11. Tell me why did Shire use “consisting of” instead of “comprising” or “consisting essentially of”?

    The usual answer is that it was either a mistake, or there was some art they were trying to avoid. Maybe they were hoping that if they needed to expand the claim a bit, they could rely on the doctrine of equivalents.

    It would be a bit of gamble to rely on Norian at the prosecution stage. Also, Norian must cut in both directions, no? Has anyone ever encountered an Examiner who applied Norian “offensively” to expand the breadth of a closed Markush group?

  12. Tell me why did Shire use “consisting of” instead of “comprising” or “consisting essentially of”?

    At a guess, because the Examiner would not allow the claim otherwise. Possibly the claim really is not patentable unless it is so limited? At least by getting some claim listed on the Orange Book, Shire bought itself a 30-month stay, if nothing else. Two & ½ years exclusivity is not nothing.

    I agree with the court’s reasoning via-à-vis the Norian exception. I do rather wonder, however, whether Shire was not cheated in this decision. Claim 1 clause (c) makes allowance for “optionally other excipients…” The CAFC disposes of this clause (fn 2) by saying “Claim 1(c) plainly falls under the preamble’s ‘comprising’ transitional phrase and outside of claim 1’s (a) and (b) Markush groups.” I guess that this is not so “plain” to my eye. Meanwhile, as Shire pointed out, to read (c) as the CAFC does excludes preferred embodiments disclosed in the spec from the claim’s scope. All other things being equal, a construction that excludes preferred embodiments is probably the wrong construction.

    I think that (c) can bear the meaning that Shire proposes, and given the presumption against constructions that exclude preferred embodiments, clause (c) should be read to excuse the presence of the Mg sterate in the hydrophilic layer.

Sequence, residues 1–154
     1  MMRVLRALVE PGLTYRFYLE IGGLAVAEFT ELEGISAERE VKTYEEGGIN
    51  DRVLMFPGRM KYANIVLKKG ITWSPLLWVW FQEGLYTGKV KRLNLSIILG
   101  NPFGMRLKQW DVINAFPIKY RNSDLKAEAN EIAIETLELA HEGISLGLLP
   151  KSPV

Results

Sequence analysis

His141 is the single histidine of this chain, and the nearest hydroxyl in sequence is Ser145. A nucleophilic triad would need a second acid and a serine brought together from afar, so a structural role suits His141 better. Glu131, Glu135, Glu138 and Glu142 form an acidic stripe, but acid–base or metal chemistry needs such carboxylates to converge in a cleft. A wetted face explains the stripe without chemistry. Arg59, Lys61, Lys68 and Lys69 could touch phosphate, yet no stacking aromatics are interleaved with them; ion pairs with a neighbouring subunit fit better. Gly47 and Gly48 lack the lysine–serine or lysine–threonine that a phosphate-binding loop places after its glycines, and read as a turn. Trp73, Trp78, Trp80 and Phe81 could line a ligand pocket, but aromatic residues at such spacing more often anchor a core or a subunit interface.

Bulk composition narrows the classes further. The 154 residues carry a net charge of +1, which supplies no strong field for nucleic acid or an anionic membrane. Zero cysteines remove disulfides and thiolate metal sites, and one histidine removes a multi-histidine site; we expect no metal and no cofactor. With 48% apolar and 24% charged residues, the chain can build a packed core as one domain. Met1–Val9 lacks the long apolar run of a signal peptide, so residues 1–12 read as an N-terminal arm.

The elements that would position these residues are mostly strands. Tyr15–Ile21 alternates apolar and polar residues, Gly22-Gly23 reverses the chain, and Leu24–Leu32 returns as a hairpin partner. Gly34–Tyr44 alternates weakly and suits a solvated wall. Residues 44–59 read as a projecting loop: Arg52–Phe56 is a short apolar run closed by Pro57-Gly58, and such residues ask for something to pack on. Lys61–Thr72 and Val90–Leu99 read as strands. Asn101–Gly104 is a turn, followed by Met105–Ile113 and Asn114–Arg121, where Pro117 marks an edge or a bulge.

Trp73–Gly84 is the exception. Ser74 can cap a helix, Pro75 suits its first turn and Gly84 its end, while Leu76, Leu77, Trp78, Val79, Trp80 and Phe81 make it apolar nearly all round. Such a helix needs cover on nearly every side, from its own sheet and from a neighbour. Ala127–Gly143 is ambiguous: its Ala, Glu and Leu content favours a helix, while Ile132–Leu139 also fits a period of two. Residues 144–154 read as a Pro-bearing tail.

1. I do not believe that it is cheating to say that in a claim like:
      Compositions containing a compound, comprising:
      a. an inner lipophilic matrix consisting of…
      b. an outer hydrophilic matrix consisting of… and
      c. optionally, other excipients.

      the language of (c) does not open up the closed “consisting of…” language of (b). If you choose to categorize the structure in that manner than there is an inner lipophilic matrix, and outer hydrohilic matrix, and optionally “other” excipients that are not the inner and outer matrices, not optionally an inner lipophilic matrix including other materials and/or optionally an outer lipophilic matrix including other materials. A red ball, a blue ball, and optionally other balls does not ordinarily mean that a green ball (made using blue and yellow pigments) is a blue ball.

      1. Why not write two claims: one with excipients and one without excipients?

        If the relationship between the excipients and the inner lipophilic matix or the outer hydrophilic matrix needs more description, I would add one or more “wherein” relative adverbial clauses.

        BTW, in Japanese a ball of color green (ao=hiragana あお; kanji 青) would be a ball of color blue (ao=hiragana あお; kanji 青).